Fr. Sivalon continues his thought by bringing up what he believes is the Vatican’s next move towards insuring retrenchment:
Thus, the action against LCWR and the other actions against loyal voices of faithful Christians open to discerning God’s wisdom in modern culture, should be seen as initial forays of shock and awe to soften the strongest areas of resistance, before the actual onslaught begins. That major assault is scheduled for October of 2012, with the opening of the Synod of Bishops on the “New Evangelization for the Transmission of the Christian Faith.” The first working paper (Lineamenta) for this synod clearly sets forth the target of “New Evangelization.”
But will this Synod be a reaction to post-modernism or just more thoughts on modernism? It seems to me that we’re still addressing matters from 100 years ago.
Guess what? Few care.
Speaking for myself, I would simply say that what I hope for is something that looks forward rather than back to the 1960s or long before that. What we need is an Ecumenical Council that meets not for renewal but for progression forward into a new age. The Post-modern age has moved well beyond modernism. A quick look at art world even show us how much. What I long for these days is a church that can stop arguing with itself and instead draft an argument for simply believing in Christ today. Why should anyone, young or old, consider Christ in a post-modern world? My students more easily chuck religion altogether in favor of rational science because religion these days, especially the Christian religion, looks quite irrational, from the loony evangelical Christians, to the inner fighting in Catholic circles, to the liberal Protestants who cam’t seem to define themselves well either. It’s why so many eschew religion and simply pick Jesus or some amorphous kind of deism to follow privately. While this lacks community, a needed element of religion in my opinion, participating in community often comes at too high a cost and the search for a good community takes too long and often falls well short of expectation.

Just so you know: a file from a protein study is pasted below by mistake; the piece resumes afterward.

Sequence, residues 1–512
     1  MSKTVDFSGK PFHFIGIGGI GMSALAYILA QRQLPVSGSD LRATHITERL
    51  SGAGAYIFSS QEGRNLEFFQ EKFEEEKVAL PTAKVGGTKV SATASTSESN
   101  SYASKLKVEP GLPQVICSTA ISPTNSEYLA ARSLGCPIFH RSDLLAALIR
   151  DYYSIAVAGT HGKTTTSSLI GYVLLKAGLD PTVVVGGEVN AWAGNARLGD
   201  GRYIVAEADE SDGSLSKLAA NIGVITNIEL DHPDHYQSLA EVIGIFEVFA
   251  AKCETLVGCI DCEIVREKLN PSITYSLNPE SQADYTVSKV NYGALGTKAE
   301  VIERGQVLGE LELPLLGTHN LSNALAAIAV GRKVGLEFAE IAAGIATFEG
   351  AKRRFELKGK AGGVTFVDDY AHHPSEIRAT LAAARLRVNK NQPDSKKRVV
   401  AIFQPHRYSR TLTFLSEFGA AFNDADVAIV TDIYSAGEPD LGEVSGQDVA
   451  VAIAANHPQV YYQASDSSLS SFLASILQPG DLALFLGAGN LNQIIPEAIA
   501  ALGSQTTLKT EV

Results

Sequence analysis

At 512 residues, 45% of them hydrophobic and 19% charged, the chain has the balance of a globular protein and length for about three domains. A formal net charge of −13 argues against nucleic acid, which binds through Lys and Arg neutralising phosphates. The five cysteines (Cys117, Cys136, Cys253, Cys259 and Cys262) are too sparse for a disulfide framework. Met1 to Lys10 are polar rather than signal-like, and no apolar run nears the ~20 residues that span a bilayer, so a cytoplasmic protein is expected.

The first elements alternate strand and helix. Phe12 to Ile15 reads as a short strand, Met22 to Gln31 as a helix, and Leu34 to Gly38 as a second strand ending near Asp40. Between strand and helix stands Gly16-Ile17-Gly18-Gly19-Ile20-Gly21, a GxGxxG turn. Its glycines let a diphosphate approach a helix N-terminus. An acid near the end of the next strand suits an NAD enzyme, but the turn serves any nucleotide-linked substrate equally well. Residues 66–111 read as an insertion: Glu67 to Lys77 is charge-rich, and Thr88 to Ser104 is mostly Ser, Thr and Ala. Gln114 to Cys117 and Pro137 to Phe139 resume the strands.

Often a priest friend of mine likens his job as a pastor to being the first mate on a ship. The ship is sailing well and everyone’s having a good time on board doing their jobs or simply enjoying the ride. But then he looks back and finds the captain in the back of the ship with a shotgun blowing holes in the back of the boat. Now we’re taking on water and the ship in sinking and we’re going nowhere fast.